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Debris Flow Onto I-70 Was So Powerful That It Diverted The Flow Of The Colorado River

UPDATE: Traffic Moving Again Through Glenwood Canyon For First Time This Month After I-70 Closure Due To Mudslides

GLENWOOD SPRINGS, Colo. (CBS4)- Thursday's up-close look of Glenwood Canyon showed the extensive structural damage to the east and west of Hanging Lake Trail. Devastating mudslides crashed down the canyon and onto Interstate 70 last week, in some places punching through the pavement, destroying a guardrail and onto the train tracks on the other side.

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"We're at mile marker 123.5 that took most of the damage that we've seen so far with these floods," explained Chuck Decker, Senior Maintenance Supervisor for CDOT.

Decker stood in front of a section of the westbound side of I-70, you could see pieces of rebar sticking out as he pointed to the damage.

"You can see the eastbound lanes are totally taken out, and the westbound lanes have been broken off on the cantilevered side, and the pulpit wall has been taken out, so this is definitely going to be a challenge for us to reopen this section anytime soon," said Decker.

PHOTO GALLERY: Up-Close Look At Glenwood Canyon I-70 Mudslides Damage

About a mile east, near what's referred to as Devil's hole or Devil's Gulch, was what Decker said was the second-worst as far as damage goes.

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The debris flow was so powerful, it diverted the flow of the Colorado River. Decker called it a 500-year event.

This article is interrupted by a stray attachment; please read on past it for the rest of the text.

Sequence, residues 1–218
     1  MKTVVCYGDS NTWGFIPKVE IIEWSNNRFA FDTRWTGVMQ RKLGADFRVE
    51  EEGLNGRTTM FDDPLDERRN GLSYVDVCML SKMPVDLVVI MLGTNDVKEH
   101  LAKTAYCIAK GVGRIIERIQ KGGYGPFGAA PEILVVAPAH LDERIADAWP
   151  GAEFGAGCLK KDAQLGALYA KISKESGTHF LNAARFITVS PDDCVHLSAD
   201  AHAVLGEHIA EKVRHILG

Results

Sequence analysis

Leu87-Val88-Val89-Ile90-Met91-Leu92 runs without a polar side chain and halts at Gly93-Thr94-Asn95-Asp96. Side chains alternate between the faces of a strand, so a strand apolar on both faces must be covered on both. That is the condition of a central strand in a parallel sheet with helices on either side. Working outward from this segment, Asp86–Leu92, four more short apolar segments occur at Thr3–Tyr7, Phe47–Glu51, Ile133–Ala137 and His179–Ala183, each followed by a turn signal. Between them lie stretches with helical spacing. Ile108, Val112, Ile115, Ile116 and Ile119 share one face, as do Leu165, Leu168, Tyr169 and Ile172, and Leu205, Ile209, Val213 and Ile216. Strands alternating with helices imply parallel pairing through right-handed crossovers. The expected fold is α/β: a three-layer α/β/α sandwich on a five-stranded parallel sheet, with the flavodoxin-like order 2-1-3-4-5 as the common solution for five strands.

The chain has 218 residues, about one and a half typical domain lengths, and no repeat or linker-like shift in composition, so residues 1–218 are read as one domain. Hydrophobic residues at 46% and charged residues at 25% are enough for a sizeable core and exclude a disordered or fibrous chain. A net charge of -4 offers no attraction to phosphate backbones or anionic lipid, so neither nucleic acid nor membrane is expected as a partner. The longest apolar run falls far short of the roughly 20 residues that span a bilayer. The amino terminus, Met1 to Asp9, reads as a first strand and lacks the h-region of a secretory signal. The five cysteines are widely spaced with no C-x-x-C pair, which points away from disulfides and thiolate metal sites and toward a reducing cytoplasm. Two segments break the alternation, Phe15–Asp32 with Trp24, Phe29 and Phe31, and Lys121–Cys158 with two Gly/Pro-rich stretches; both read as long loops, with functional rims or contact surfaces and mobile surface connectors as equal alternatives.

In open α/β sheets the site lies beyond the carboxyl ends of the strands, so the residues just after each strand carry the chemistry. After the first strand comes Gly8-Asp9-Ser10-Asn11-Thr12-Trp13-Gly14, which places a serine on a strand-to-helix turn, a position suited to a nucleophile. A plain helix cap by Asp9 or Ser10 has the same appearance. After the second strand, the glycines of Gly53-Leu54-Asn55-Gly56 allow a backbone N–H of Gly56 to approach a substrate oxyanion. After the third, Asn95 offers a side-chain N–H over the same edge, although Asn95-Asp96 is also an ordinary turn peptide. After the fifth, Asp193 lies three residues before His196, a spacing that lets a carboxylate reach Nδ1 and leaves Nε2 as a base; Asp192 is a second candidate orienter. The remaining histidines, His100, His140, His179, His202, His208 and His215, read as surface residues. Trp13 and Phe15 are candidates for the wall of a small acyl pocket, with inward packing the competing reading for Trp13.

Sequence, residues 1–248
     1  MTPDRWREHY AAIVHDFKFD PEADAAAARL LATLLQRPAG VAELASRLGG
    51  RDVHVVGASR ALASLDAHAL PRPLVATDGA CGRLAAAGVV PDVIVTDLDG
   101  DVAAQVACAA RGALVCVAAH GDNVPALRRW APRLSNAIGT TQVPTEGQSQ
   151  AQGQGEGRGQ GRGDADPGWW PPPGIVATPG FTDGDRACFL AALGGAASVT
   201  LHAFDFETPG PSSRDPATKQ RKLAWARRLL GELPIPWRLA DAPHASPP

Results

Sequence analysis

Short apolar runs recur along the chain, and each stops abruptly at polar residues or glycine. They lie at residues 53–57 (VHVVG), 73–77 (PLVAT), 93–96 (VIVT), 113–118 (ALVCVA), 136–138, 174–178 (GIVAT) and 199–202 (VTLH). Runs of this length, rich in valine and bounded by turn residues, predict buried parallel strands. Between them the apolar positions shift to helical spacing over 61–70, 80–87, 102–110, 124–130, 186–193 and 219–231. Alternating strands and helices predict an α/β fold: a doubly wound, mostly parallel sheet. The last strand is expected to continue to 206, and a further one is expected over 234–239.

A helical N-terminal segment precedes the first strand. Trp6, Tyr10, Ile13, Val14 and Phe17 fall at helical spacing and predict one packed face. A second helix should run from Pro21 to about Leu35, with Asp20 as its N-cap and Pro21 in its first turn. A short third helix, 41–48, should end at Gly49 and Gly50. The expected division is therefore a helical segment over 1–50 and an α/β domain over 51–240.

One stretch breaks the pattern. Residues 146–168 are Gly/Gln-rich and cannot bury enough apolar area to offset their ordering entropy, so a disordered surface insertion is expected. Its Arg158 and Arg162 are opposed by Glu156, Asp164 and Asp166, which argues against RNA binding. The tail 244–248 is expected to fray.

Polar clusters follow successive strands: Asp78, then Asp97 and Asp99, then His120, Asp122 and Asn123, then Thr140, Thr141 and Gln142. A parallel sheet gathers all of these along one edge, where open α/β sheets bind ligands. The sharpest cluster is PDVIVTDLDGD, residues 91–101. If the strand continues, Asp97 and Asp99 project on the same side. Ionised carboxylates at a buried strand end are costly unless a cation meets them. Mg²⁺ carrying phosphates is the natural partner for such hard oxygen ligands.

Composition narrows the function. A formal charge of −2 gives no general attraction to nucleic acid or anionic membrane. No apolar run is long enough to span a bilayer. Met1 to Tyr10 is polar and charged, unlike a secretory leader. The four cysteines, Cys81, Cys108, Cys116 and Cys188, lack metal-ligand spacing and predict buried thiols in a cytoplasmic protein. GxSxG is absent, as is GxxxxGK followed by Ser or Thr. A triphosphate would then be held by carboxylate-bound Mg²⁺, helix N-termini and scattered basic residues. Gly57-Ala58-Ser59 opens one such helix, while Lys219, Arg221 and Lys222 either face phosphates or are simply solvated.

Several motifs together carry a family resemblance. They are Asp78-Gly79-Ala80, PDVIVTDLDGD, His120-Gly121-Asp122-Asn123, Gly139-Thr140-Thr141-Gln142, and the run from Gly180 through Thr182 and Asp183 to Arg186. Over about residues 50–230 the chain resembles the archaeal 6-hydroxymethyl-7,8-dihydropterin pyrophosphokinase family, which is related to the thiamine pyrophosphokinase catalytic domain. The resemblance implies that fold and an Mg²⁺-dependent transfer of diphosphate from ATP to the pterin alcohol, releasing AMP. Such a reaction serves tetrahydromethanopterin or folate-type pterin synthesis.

"It absolutely diverted it right against the retaining wall eastbound and over the bike path so... we'll see if maybe one day they can get it back to the main channel and away from the highway, but we'll see, it's definitely challenging and something to look at here."

The Amtrak rails were spared, but the bridge? It's no longer as high off the ground as it once was.

"That bridge was probably 30 to 40 feet above ground and now it's just a few feet above ground," said Decker.

While CDOT works toward a temporary solution, long-term, motorists will have to be patient.

"I would say it would take several weeks, maybe even months to get this section back to where it was. Maybe something temporary wouldn't take as long but as you can see [there's] lots of damage. It's definitely going to take a while to repair it back to full."

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Decker has been at the helm for most of the mudslides this year and hasn't run out of steam just yet. Although it hasn't been easy.

"Every time it rains, we're just battling it. It's like Groundhog Day just over and over, I mean we clean it and the next week we're cleaning it again," Decker continued, "We'll eventually get equipment back in here and get these big drainages like this box culvert, a 12-foot by 8-foot concrete box culvert, and we can get equipment through it and we'll just keep cleaning it and hopefully catch up with it one day."

At a news conference earlier this week, CDOT said it was too soon to tell what the cost of the damage would be but said it was easily in the tens of millions. More debris needs to be cleared before engineers know the true extent.

"Until we can get it all uncovered and really get the engineers to look at how much damage there is exactly, then we'll be able to tell more when we'll be able to get in it and get it fully reopened. it's going to be a long process but hopefully, we can do all we can to get it back to normal," said Decker.

In the meantime, CDOT advises using the northern route through Steamboat Springs. It only adds about 2 1/2 hours to what the drive would normally take and gets you directly into Glenwood Springs from Rifle. More information can be found on

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